What I thought of Doctor Who: Resolution

I’ve not minded the first series of Doctor Who with Jodie Whittaker. She has massive potential, and the soft reboot is a still a great idea as is changing things up with the music and a larger budget spent on episodes. The problems still lie in scripts and in the New Year’s Day special the problems started right away.

The story starts with a bunch of Vikings beating an impossible alien menace in the 9th century, and in victory cutting the creature into three parts to hide across the world with one of those parts ending up in Sheffield in 2019 as its uncovered as part of an archaeological dig. Brilliant start, great setup and we’re in for an hour of action and adventure as the new Doctor comes face to face with the Daleks for the first time.

And we get that. The pace and speed of the opening ten minutes or so are breathtaking then we get the introduction of Ryan’s dad and suddenly a B plot is introduced which manages to suck the life out of the episode stone dead. Literally all the momentum is drawn out as the story stops for a long scene where Ryan and his dad have a long conversation. Sure, the storyline picks up again but it’s fell to pieces by this point as we have no idea what the tone of the episode is meant to be? Is it family drama? Is it an action/adventure ride for a bank holiday? Is is a satire? The writer and showrunner Chris Chibnall decides on all of the above while trying to ram it into an hour of screentime which means things go missing including the plot-thread about the other two parts of the Dalek and what’s happening with them, and more importantly, the Doctor.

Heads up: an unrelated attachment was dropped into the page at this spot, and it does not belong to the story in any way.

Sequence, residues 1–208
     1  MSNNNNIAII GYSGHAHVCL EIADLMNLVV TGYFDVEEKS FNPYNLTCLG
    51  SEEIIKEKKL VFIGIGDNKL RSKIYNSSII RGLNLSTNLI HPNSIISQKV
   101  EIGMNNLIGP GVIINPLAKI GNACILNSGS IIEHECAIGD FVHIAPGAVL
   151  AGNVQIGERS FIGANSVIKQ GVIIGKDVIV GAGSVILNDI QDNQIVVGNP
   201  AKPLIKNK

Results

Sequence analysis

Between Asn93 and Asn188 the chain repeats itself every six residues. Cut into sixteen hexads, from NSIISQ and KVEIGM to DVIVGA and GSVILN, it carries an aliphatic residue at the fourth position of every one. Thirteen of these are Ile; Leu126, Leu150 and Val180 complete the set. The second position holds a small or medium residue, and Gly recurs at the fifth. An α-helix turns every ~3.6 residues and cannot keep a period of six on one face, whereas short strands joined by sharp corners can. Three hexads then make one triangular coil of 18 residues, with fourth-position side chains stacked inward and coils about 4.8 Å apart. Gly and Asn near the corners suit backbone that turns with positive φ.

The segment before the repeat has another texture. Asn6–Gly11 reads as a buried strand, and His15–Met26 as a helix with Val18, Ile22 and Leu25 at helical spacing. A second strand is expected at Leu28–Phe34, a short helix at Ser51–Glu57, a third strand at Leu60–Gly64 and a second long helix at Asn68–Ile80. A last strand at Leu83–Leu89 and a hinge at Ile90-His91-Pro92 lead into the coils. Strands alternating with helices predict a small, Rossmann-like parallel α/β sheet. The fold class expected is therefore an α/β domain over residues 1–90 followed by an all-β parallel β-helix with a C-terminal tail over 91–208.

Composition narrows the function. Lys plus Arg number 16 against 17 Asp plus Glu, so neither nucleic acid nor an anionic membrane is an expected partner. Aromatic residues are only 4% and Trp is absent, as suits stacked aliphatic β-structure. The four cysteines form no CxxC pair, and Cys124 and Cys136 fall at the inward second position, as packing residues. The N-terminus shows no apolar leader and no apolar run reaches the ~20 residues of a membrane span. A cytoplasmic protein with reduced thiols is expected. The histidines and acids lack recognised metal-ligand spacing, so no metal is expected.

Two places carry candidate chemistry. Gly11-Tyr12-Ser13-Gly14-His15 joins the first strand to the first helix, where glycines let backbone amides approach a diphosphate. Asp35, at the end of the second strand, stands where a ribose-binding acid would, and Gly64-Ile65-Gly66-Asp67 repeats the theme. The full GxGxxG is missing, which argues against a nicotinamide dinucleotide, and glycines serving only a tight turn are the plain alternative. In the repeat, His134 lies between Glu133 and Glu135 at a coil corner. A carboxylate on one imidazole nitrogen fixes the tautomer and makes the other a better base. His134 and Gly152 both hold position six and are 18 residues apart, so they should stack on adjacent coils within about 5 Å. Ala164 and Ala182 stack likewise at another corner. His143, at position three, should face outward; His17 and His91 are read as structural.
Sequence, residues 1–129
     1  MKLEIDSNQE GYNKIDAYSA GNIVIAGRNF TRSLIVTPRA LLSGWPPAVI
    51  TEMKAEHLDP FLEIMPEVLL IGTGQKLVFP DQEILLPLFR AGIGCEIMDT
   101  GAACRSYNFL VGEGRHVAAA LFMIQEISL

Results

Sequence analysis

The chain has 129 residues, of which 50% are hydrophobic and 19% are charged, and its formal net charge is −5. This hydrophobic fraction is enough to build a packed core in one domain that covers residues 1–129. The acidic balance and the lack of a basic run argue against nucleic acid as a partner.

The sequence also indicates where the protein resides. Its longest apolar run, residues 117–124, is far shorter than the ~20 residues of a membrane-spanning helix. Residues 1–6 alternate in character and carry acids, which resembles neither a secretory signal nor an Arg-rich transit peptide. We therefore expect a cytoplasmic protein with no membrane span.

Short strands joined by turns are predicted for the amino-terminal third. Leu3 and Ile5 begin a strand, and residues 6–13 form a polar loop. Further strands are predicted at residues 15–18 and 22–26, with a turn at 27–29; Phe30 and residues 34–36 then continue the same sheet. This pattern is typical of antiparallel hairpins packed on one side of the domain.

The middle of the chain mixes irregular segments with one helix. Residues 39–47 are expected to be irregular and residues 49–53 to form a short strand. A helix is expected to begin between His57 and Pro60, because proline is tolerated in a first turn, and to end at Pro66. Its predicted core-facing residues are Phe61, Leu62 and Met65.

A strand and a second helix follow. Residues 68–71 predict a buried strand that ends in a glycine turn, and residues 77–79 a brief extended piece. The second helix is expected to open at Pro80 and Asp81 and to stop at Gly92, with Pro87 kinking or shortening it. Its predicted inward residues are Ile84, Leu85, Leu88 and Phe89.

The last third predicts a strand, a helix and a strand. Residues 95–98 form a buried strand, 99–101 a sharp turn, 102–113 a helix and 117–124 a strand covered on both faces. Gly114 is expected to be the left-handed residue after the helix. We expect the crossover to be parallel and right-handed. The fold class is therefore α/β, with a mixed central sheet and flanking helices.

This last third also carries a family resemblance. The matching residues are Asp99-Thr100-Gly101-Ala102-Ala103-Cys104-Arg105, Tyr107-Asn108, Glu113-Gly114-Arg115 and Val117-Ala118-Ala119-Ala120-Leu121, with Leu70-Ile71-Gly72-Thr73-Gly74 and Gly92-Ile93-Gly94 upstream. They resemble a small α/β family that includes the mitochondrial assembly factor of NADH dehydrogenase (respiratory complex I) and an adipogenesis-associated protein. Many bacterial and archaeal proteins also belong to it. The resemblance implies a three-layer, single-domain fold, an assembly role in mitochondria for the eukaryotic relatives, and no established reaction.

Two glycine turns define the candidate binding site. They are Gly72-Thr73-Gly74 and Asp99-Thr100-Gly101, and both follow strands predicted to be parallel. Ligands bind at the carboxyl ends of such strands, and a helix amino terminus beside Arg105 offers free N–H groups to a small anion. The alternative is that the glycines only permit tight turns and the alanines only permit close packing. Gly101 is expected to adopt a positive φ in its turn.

Now I like Jodie Whittaker a lot. She’s got huge potential and she can act. Just look at her at the start of the clip below. Its terrifying subtle stuff.

Resolution has the problem in it doesn’t know what to be. It doesn’t settle on a tone, and instead slaps around like a drunk on a speeding bus on Christmas Eve battering its way from scene to scene because Chibnall hasn’t decided what he actually wants the episode to be. Because of this the Doctor gets lost which means we get her coming into a scene, saying a few lines and then being drowned out by the large supporting cast and because Chibnall seems scared to actually explore the potential of a female Doctor mixed with often piss poor direction, Whittaker is massively wasted.